Leader Cantor Statement On Debt Limit Negotiations
July 22, 2011
Contact: Doug Heye, Megan Whittemore

WASHINGTON, D.C. - Today, House Majority Leader Eric Cantor (R-VA) issued the following statement on the debt limit negotiations:

"Tonight, months after we had begun negotiations with President Obama, Vice President Biden, and the Administration, Speaker Boehner and I are ending discussions with the White House and beginning conversations with Senate leaders in the hopes of finding a solution to the debt limit debate in order to avoid default. Throughout the months of discussions, we have worked to identify real spending cuts, binding budget reforms, structural changes to save our entitlement programs, and significant debt reduction. Unfortunately, time and again these talks have reached an impasse for one reason: the Democrats’ insistence on raising taxes on small businesses and working families. We must get Washington’s fiscal house in order, but with millions of Americans out of work, the worst thing Washington can do is to raise taxes on those we need to start hiring again. Washington has a spending problem, and until that is fixed, raising taxes is simply asking the American people to send more money to be spent inefficiently.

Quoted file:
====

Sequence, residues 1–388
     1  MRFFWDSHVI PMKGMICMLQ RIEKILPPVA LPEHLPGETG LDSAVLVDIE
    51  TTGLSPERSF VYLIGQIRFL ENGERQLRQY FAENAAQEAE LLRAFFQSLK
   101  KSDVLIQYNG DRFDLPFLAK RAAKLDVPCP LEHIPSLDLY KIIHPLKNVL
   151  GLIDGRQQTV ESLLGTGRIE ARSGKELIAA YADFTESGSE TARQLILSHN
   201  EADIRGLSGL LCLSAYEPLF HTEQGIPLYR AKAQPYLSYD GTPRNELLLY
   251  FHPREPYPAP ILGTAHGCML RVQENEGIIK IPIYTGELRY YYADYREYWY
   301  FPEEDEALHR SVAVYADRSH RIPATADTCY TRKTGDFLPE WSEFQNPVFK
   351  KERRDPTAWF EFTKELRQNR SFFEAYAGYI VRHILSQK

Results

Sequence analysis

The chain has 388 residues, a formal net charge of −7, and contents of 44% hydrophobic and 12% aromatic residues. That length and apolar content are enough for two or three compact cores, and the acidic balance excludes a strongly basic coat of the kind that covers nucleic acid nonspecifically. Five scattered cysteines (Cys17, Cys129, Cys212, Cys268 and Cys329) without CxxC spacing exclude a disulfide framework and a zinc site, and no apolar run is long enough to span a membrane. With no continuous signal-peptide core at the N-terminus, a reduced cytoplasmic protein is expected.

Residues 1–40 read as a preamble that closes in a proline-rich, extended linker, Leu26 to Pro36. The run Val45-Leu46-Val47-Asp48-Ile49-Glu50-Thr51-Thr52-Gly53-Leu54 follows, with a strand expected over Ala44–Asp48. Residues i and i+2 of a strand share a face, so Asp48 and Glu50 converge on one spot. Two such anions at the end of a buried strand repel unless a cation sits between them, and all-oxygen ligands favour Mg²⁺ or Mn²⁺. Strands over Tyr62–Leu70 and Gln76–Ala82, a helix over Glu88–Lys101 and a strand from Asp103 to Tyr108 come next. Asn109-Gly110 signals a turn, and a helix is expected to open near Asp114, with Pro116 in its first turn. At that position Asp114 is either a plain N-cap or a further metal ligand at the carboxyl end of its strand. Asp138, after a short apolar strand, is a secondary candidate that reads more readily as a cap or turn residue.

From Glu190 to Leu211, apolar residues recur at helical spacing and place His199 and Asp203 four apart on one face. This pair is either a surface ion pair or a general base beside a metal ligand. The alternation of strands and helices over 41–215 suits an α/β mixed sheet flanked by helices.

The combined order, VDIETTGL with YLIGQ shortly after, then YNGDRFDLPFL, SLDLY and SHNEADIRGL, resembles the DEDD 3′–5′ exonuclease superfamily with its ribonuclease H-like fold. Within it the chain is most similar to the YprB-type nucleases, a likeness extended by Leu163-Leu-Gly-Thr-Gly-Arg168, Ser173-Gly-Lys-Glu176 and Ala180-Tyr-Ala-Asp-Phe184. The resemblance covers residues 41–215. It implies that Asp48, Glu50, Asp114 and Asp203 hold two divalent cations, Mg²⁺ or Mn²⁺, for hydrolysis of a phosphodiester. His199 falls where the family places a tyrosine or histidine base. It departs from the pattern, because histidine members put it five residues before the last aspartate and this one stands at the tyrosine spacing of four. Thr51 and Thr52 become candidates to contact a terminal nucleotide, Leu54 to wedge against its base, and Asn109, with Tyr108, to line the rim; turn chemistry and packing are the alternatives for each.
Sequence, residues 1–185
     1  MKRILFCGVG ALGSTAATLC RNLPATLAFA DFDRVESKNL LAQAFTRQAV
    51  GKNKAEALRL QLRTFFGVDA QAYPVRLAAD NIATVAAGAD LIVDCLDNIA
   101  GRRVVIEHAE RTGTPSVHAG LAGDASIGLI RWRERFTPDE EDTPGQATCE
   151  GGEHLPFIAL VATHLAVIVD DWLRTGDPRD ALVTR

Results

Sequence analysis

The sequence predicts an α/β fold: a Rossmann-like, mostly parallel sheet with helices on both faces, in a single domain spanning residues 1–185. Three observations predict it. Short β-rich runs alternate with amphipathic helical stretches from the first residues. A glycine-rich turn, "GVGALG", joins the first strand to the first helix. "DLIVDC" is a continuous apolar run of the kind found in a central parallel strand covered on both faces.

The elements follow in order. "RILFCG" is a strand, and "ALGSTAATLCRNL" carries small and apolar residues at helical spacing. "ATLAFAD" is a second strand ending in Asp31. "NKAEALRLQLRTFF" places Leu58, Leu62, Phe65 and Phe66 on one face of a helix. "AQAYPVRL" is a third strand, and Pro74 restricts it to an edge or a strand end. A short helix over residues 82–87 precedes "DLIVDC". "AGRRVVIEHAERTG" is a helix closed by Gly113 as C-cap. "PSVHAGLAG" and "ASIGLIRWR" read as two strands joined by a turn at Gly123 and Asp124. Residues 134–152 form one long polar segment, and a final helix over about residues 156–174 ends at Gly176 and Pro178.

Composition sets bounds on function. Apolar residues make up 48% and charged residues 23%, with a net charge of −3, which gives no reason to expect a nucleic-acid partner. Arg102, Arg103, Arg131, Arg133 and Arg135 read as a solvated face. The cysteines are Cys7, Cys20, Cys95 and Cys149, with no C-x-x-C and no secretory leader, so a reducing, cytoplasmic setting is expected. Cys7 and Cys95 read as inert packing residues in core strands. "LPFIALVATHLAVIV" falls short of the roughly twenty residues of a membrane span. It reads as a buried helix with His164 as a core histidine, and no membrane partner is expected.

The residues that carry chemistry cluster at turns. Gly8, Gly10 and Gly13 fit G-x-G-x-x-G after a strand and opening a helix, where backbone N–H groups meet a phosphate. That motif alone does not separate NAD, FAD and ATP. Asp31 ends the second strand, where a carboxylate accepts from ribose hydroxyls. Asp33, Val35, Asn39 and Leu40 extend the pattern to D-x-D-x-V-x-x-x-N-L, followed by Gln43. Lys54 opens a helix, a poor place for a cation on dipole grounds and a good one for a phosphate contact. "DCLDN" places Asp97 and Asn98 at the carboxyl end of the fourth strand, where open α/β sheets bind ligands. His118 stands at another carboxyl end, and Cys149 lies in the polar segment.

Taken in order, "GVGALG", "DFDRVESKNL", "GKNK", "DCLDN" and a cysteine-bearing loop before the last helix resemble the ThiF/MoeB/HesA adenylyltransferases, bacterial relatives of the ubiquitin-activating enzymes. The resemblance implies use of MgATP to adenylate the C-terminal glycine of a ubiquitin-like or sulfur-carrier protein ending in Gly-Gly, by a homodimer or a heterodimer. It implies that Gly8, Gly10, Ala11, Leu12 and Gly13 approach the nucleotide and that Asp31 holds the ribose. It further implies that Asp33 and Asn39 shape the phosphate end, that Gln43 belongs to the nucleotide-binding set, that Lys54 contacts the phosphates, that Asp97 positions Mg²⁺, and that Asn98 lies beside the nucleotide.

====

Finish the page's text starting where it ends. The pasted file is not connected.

"In recent days, Speaker Boehner and I have engaged in discussions at the White House with the goal of doing something big to address our debt crisis, just as we did in the House Republican Budget. During these discussions, it became clear that the White House has a fundamental philosophical difference about how we stop spending, begin to get our fiscal house in order and manage down our debt. Contrary to news reports, a deal was never reached with the White House and a deal was never close with the White House – especially after the President insisted on more tax revenue after the Gang of Six plan was released. America will pay its bills and meet its obligations, and in coming days we will offer a path forward that meets the President’s request for a debt limit increase, manages down the debt, and achieves serious spending cuts."